Yes,It is really hard to loose the weight after pregnancy.I got 75 pound during pregnancy and after delivery it was very difficult for me to loose the weight but i worked hard in gym and lost weight.

  8. Mary
    Mary says:

    I think its disgusting and unfortunate that in our society you can’t sell books because you are considered “over weight” just because you had a baby. Obviously you are proud of your weight loss but are you proud of the noose that hangs around your neck all the time? I mean you might as well have just said “my credentials, intelligence and talent don’t matter, but my looks do”. I think its too bad that you felt so pressured to lose the weight so fast. Obviously you are motivated and that is great for you but I feel sorry for you that you live in a world that you feel you have to cater to in order to survive. I can see why a model or an actress would need to lose weight but an author? Seems a bit ridiculous. I wish as a society we could all cut the crap and stop expecting people (and ourselves) to be so perfect. Personally, I’d buy a book from someone whether they are 125lbs or 250+lbs.

  9. Chris
    Chris says:

    I can see why a model or an actress would need to lose weight but an author? Seems a bit ridiculous. I wish as a society we could all cut the crap and stop expecting people (and ourselves) to be so perfect.

  10. genf20hgh
    genf20hgh says:

    I found your weight loss story very inspiring. It reminded me of my sister who went through a similar experience. When I visited her in hospital after the baby was born I took a photo of her which I printed out and gave to her on my next visit. When she saw the photo she didn’t say anything but months later she told me how horrified she was at her appearance, and resolved to do something about it. She used the photo as inspiration and by dieting and exercising lost all the excess pounds. Motivation was the key factor in her situation and yours, but it is unusual to find people with sufficient motivation to reach their goals. Too many people look for excuses or want to take the easy way out, like pop a pill. It takes a positive attitude and hard work!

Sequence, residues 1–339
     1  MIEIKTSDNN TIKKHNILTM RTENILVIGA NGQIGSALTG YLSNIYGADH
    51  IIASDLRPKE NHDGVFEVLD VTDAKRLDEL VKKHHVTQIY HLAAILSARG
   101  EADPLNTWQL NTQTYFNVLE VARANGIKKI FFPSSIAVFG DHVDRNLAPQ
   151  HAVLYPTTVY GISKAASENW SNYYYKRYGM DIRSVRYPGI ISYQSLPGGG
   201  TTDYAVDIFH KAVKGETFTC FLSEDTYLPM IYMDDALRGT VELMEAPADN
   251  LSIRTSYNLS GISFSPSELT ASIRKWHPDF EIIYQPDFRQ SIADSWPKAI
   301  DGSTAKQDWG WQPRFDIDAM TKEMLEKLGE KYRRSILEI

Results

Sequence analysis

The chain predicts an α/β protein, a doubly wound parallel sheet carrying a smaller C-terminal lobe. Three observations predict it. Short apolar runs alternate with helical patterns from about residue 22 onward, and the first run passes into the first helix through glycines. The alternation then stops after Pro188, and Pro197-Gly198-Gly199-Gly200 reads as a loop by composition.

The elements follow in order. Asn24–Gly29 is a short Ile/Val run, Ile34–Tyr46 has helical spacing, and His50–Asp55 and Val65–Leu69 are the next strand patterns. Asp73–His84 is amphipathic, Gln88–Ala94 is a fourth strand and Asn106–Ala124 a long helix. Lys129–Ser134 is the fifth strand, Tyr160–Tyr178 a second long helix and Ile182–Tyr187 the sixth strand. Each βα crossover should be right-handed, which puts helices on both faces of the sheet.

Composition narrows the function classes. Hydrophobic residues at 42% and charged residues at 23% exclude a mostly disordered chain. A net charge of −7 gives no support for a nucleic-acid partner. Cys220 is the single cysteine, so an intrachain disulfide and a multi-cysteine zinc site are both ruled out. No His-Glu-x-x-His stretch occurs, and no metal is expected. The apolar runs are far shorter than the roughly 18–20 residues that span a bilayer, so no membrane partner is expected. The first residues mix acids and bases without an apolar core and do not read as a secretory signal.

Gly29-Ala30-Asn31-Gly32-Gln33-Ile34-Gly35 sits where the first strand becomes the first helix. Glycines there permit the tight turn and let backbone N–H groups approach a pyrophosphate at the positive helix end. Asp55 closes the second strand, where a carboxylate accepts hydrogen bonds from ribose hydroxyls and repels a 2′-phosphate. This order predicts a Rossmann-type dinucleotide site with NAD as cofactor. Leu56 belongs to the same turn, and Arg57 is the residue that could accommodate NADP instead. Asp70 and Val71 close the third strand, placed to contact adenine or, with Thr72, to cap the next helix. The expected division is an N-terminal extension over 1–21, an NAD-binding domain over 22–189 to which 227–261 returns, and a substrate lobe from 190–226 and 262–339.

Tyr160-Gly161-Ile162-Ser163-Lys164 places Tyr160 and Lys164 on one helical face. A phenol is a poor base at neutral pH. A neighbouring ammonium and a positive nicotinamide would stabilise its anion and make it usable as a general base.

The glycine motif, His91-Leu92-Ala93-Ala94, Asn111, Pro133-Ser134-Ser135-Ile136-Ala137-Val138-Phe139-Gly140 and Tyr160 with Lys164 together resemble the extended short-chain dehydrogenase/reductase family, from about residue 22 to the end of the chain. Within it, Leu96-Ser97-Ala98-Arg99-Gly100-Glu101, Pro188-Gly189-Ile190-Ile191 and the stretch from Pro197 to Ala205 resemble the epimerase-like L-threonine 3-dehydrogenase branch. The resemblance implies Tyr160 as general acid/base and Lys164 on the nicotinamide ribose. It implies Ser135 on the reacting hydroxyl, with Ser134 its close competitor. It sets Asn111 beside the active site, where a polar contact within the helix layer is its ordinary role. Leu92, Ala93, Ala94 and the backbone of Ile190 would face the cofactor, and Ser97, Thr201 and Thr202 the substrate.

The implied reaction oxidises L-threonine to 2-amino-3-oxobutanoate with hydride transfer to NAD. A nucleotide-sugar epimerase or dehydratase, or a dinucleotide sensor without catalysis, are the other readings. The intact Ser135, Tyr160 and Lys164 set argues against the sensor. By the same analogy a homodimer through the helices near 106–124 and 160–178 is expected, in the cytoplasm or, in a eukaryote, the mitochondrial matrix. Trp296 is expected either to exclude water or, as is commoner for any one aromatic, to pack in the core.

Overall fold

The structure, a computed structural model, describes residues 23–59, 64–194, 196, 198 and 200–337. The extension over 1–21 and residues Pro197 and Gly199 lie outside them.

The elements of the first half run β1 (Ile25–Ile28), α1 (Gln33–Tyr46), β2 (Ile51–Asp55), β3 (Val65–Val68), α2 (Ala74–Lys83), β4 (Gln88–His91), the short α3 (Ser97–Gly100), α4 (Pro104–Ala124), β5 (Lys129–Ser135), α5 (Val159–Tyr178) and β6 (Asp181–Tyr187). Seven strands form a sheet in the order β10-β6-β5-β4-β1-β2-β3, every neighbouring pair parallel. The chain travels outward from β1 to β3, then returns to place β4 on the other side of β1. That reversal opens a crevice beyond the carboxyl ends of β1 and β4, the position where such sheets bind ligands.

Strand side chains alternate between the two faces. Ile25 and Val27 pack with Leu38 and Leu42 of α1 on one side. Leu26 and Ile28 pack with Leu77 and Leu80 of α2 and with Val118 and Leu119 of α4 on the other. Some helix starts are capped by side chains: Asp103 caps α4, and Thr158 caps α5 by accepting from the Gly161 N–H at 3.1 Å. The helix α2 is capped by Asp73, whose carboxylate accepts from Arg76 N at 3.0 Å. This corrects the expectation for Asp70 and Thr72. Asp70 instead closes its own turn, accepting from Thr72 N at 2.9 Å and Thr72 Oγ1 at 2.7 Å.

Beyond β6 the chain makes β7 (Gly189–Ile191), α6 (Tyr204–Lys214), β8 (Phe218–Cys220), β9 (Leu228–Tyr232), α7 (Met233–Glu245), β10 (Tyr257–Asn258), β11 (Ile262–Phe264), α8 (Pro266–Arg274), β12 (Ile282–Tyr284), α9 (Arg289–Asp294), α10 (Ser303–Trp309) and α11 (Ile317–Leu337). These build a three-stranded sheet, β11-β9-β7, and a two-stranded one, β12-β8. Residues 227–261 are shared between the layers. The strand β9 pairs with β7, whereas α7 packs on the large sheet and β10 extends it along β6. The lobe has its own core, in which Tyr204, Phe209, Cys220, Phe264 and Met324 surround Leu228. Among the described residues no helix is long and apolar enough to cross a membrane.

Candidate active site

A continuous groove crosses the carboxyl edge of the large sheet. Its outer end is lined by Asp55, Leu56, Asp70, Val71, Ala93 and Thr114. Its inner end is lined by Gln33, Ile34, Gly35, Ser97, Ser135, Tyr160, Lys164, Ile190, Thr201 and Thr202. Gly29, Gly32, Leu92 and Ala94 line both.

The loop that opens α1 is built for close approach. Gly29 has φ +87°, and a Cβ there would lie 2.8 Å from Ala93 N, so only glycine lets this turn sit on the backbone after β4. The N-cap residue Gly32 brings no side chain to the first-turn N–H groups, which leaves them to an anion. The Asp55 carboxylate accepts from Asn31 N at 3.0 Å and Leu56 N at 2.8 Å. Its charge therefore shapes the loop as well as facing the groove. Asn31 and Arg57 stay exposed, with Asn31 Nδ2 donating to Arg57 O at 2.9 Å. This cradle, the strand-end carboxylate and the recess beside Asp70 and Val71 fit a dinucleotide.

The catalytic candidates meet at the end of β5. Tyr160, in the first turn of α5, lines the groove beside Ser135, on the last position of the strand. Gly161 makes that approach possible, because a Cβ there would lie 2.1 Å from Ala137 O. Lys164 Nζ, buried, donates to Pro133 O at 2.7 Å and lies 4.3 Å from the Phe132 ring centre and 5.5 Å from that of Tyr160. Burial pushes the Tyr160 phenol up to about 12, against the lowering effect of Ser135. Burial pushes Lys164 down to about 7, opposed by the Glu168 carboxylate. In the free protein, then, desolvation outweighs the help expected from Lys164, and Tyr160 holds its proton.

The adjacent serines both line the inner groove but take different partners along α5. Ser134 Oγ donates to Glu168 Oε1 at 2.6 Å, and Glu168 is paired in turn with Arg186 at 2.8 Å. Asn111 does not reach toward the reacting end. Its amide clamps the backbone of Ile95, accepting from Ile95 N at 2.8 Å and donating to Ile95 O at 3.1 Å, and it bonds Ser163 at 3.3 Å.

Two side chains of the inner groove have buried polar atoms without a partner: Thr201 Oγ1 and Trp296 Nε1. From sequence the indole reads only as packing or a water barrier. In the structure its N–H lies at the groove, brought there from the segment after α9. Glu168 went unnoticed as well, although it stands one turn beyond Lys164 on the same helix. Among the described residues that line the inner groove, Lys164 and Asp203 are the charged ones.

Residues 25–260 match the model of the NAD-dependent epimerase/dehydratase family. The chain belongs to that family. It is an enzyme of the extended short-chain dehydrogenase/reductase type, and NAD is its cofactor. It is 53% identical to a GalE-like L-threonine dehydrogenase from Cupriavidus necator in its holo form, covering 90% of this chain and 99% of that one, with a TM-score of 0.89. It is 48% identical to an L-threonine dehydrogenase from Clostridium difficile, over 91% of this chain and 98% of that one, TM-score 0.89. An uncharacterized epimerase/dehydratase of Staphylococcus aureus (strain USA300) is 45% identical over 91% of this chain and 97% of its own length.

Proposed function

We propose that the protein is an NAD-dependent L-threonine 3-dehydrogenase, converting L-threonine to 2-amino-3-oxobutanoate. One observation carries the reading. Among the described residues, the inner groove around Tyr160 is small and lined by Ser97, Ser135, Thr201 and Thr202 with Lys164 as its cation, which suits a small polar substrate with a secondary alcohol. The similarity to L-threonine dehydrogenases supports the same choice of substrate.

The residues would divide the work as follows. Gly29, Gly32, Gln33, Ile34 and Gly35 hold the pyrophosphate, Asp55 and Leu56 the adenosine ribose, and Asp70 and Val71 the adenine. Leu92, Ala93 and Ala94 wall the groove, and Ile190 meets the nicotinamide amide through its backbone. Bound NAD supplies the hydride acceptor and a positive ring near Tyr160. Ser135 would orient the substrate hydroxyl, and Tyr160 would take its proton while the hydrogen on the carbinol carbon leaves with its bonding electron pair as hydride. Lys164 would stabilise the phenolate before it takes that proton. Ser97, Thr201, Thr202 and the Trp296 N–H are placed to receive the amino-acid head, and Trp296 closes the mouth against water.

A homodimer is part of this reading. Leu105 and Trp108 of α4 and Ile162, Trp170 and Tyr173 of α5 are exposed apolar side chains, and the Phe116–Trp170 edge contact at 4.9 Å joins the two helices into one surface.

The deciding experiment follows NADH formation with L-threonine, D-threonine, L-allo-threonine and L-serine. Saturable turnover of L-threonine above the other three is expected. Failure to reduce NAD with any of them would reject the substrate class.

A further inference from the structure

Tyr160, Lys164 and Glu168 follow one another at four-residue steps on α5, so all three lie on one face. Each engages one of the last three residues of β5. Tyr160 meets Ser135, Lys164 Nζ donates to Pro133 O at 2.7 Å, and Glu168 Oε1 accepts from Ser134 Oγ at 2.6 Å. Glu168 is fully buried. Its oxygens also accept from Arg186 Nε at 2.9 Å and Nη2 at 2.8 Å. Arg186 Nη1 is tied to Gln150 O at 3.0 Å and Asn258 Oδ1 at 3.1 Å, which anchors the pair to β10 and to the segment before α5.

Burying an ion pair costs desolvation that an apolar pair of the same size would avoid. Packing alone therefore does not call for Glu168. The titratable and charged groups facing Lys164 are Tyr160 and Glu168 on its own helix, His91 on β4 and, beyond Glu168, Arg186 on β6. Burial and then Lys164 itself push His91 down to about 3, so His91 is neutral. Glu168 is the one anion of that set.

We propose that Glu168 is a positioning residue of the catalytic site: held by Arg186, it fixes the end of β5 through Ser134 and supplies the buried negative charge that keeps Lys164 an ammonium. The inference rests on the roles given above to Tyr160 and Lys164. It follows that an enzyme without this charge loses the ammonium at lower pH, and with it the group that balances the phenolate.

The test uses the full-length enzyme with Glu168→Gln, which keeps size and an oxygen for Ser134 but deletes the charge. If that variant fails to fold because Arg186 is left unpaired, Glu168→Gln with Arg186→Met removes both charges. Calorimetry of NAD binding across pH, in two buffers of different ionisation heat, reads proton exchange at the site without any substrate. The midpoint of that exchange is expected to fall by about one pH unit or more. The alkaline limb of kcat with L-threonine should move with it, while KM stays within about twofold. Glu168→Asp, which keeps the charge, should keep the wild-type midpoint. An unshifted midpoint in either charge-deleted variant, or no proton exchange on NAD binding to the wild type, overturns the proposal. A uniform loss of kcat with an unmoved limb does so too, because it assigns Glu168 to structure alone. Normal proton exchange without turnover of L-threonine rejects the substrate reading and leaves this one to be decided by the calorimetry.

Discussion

11. Sauna Weight Loss
    Sauna Weight Loss says:

    That’s what im trying to tell people around me who have problems with weight loss: you gotta change your lifestyle. In other words, you gotta make your own schedule and stick to it. But some people are just being lazy expecting to get the results over night.

  12. Herbalife
    Herbalife says:

    Losing weight after pregnancy can be a really tedious task. Especially because you are used to a different diet as well. But it has to be done if you are involved a lot in the corporate world.

  13. Vacaville Chiropractor
    Vacaville Chiropractor says:

    I find this both an inspiring and a poignant post. Your discipline, will, and determination to move ahead will hopefully be an inspiration to many — to achieve goals they set for themselves.

    It’s also interesting how we foible-filled humans work — that we often can’t find ways to achieve our goals until we have an absolute need to do so (I’m speaking for myself here).

    But what is poignant is what other commentators have remarked on — the terrible, and IMHO destructive obsession with appearances that we have as a culture, particularly for those in the public eye. We have deified models and actresses and politicians, none of whom deserve this glorification in the slightest.